Champions League: Manchester United pay heavy price for Jose Mourinho's pragmatism against Sevilla

Once known for his ability to puzzle the opponents with his tactics and team selection, with his ability to deviate things from his team onto himself, to use the element of surprise with aplomb, Jose Mourinho has now become the antithesis of that. His tactics have become predictable, his team selections surprise the team's fans more than the opponents, but what has remained is that abrasive ego.

Manchester United's failure to take the game to Sevilla in a match they needed to win to progress shows the Portuguese tactician's plans in poor light. It also brings into question the attitude of the players and their inability to raise their individual games in a match that was very important to the club's season in general. Overall, it was a collective failure against the team from Spain as the Red Devils' inability to ask questions of their opponents made them eventually chase the game after Vincenzo Montella's men scored the crucial away goal, opening gaps for the visitors to score a second and kill the game.

Manchester United's manager Jose Mourinho reacts after Sevilla scored their second goal. AFP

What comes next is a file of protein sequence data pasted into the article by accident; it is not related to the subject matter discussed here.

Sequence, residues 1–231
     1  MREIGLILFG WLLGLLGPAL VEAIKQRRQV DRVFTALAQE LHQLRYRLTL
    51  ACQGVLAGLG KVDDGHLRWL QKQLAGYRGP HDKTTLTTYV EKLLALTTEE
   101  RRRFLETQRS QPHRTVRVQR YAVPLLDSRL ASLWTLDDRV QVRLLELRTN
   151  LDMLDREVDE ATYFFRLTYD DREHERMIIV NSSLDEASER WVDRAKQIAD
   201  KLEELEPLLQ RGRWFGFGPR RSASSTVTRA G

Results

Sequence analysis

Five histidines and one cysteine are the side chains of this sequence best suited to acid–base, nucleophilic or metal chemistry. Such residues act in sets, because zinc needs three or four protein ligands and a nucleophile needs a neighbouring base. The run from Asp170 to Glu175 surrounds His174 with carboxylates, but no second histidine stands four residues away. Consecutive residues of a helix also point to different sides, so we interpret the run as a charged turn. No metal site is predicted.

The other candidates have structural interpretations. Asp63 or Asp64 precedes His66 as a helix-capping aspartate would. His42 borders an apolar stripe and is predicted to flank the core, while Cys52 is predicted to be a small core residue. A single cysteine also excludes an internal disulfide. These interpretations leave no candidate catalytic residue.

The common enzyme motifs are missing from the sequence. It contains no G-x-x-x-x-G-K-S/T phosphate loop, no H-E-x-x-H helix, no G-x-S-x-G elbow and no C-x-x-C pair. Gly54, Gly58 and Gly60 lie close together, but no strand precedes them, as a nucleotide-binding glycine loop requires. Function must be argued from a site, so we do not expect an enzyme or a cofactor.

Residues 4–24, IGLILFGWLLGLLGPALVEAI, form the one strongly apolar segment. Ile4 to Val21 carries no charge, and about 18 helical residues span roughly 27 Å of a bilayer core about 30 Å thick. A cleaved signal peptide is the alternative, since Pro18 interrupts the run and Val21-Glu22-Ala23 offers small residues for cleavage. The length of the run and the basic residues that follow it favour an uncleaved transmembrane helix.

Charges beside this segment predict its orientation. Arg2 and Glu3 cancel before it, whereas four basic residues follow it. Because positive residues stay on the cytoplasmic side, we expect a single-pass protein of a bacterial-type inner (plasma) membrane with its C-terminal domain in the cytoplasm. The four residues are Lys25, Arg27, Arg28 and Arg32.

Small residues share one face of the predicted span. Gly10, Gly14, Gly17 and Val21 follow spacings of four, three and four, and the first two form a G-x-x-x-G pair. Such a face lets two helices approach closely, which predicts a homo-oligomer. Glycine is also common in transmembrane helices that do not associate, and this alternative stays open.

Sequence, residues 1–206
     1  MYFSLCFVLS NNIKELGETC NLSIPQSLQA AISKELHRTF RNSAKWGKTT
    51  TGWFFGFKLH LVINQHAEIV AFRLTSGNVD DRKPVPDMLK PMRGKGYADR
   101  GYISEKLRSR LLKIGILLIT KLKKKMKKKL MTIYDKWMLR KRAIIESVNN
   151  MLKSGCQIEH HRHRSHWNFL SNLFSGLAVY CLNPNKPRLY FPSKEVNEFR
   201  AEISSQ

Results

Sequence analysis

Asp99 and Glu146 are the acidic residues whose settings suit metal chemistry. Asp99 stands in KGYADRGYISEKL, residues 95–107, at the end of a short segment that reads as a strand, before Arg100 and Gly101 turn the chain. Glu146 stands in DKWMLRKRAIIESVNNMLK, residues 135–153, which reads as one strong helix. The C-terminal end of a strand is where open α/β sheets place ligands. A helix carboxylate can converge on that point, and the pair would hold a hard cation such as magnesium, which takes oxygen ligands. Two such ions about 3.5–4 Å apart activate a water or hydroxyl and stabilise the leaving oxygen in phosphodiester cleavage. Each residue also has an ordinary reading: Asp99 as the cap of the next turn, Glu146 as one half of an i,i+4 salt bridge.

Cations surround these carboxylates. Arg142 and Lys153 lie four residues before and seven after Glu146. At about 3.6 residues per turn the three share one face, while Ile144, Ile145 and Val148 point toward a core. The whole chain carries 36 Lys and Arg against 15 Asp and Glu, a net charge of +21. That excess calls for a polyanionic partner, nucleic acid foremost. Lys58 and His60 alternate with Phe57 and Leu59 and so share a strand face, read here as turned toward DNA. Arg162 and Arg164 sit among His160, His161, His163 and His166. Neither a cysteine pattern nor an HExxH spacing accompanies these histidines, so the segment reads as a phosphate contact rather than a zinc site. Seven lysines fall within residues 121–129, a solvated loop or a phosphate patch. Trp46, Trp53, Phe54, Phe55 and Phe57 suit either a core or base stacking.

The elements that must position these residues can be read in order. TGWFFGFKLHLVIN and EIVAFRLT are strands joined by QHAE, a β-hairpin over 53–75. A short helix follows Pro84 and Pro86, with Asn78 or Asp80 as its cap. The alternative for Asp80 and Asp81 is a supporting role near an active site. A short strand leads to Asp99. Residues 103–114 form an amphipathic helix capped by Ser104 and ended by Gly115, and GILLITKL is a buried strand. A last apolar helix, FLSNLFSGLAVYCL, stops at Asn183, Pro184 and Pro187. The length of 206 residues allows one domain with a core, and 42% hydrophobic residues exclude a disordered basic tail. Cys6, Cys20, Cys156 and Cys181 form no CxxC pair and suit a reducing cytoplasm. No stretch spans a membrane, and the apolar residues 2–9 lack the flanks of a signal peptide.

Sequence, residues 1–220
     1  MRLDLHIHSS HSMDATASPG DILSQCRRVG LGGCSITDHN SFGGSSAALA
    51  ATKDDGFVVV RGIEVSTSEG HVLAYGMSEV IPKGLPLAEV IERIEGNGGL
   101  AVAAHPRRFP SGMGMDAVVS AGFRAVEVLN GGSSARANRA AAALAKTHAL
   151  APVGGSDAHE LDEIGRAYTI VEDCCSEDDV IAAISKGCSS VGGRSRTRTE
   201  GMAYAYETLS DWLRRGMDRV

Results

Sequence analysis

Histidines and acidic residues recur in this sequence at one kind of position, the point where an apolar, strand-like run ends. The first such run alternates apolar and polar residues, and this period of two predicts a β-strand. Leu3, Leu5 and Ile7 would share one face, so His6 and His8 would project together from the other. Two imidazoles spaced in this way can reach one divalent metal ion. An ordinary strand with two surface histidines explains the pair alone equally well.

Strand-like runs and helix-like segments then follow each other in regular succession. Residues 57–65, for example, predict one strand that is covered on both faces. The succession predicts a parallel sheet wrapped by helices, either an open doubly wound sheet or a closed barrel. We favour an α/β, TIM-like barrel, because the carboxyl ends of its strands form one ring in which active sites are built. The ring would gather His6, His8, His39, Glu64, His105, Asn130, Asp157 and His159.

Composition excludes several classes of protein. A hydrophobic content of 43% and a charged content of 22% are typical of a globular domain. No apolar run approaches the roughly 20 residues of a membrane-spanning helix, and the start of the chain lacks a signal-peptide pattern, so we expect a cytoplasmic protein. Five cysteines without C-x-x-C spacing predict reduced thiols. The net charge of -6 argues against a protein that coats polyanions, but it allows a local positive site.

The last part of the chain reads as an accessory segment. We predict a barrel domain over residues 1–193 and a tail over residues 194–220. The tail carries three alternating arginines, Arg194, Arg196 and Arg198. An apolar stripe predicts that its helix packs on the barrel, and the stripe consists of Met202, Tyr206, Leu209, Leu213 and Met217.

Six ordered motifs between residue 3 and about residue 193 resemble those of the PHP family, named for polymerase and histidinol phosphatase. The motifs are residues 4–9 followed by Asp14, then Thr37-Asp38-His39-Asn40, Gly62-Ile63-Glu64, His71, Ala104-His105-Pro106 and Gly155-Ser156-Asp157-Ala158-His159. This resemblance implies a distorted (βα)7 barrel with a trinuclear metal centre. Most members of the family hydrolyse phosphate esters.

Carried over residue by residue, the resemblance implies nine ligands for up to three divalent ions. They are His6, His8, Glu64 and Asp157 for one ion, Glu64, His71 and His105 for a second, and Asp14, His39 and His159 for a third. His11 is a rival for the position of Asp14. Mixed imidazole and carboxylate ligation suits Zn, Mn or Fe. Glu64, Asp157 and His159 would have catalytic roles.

Manchester United's manager Jose Mourinho reacts after Sevilla scored their second goal. AFP

Despite Mourinho's men coming into this tie on the back of some solid results, including 2-1 wins over Chelsea and Liverpool, there was a tinge of nervousness around the club, as the team were eager to progress to the quarter-finals of the Champions League, but weren't sure if they would be able to do it. However, their approach to the match, despite the manager's insistence that it was intended to be aggressive, seemed rather haywire.

Marouane Fellaini was in the starting line-up, with the plan being to play to his strengths and employ an aerial game that could give United the advantage, given the prowess in the air possessed by Fellaini and his fellow countryman, Romelu Lukaku. The lack of urgency in the English side's play was palpable and the crowd continued getting restless as the second half seemed to bring about no visible change in approach.

On the other hand, the visitors were slowly getting better at breaking with the ball, and came close to breaking the deadlock on multiple occasions, the lack of a good final pass holding them back.

The introduction of Paul Pogba for Fellaini brooked no change in their approach, as they were careless in possession and struggled to create genuine chances, playing without any energy and pace. When Wissam Ben Yedder scored the first goal for Montella's side, panic spread through the crowd and the home side failed to respond. Sevilla soon scored a second, making a mockery of the pre-match predictions, with Ben Yedder scoring again, this time left unmarked from a corner.

Mourinho chose to introduce Anthony Martial and Juan Mata for Jesse Lingard and Antonio Valencia, causing more confusion among the United ranks, as there were five attacking players on the pitch with no clear idea of what role they were supposed to perform. Eventually, they did get a goal back but it was a case of too little, too late.